As Dixon continued his professional career and kept acquiring new artworks, he decided to further his exploration of art with a two-year study program at the Barnes Foundation, which was then located in Merion, Pa. He followed that with training as a docent, and he and Martha both led tours of the Barnes for 10 years. Along the way, they explained artwork to guests including Robert Redford, Alec Baldwin and Pablo Picasso's granddaughter.
Fred's depth of knowledge on the various artists in the Barnes collection led him to type up speeches he could give. Over the decades, those presentations amounted to almost a book.
“I'd put together a lecture on Picasso, for instance, and use that as a presentation to docents at the Barnes," he said. "So I had all these lectures with Power Point images. I realized I had half a book written already. All I had to do was add a few things. We'd already been to Europe and seen many museums there, so I started to put it all together.”
Given the impossibly large scope of 700 years of art history, Dixon zeroes in on central figures and how they connect across the centuries. “There's nothing analytical in the book,” he said. “It's done in a very conversational, down-to-earth style. You won't need a dictionary to read it.”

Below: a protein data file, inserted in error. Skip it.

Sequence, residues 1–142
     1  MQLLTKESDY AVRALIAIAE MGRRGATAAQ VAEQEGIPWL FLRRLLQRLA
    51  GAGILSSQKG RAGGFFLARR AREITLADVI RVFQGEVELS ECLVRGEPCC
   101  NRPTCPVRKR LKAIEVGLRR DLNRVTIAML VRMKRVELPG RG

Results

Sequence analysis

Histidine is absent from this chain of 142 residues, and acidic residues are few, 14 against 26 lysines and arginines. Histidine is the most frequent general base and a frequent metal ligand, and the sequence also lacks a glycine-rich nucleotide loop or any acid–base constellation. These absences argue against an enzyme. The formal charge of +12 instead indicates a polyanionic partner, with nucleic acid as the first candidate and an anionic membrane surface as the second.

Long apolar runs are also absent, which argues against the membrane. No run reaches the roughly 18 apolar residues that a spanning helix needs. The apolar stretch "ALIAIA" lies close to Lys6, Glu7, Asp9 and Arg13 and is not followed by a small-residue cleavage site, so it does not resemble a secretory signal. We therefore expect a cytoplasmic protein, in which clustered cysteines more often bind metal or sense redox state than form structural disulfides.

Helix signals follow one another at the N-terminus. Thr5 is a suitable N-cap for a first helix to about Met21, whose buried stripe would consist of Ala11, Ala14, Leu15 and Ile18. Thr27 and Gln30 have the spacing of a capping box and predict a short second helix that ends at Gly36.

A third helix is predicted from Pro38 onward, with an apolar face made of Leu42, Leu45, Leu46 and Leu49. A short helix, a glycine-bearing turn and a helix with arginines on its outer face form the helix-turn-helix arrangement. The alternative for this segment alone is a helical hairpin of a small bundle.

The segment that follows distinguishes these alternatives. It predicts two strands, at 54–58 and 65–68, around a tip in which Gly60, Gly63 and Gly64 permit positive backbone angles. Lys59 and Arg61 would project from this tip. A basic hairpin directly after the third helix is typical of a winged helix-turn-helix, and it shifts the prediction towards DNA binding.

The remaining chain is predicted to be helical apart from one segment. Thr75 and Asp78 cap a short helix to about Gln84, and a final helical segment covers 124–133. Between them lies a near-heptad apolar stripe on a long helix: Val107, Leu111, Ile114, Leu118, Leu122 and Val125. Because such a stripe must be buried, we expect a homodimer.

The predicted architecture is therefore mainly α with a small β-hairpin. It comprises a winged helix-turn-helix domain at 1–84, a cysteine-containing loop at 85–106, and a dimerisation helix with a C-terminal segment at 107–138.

The volume could function as a textbook for an art history course, and it's written in short sections that bring the artworks – and their creators – into focus. There are hundreds of color reproductions throughout.
In contrast to the world touring and all the walking during his decades of collecting, Dixon is now slowed by multiple sclerosis, which is progressively taking away his mobility. He walks with a cane and has difficulty climbing stairs, but he sees the disease as something of a positive.
“Two or three years ago, I wasn't even using a cane," he said. "But if I didn't have MS and was more active, I would have probably been traveling and wouldn't have had time to sit down and do the book."
The 2013 hardback book is beautifully printed on good paper, with the artworks depicted clearly and analyzed in terms that everyone can understand. But once the finished books arrived from the publisher in Lancaster, Dixon had to sell them. Without any kind of agent or promoter, that meant scheduling illustrated lectures wherever he could go, and selling copies of the book afterwards.
“Neither one of us are marketers,” Dixon said of he and Martha, “So I started out doing talks at retirement homes. Well, they loved the talks, but didn't buy the book. So now I do libraries, and I sell something at every library, at a discount from the price on Amazon."
Looking back at the unlikely arc of his life, Dixon said he's glad he wasn't bitten by the art bug earlier. “If I had the same interest in art that I do today when I started college many years ago, I would have taken up art history,” he said. “Then what would I do when I got out? This way, I got an advanced degree and made enough money that I could pursue art. I could never have assembled this collection being an art history major. It worked out for me. The art came in at the right time."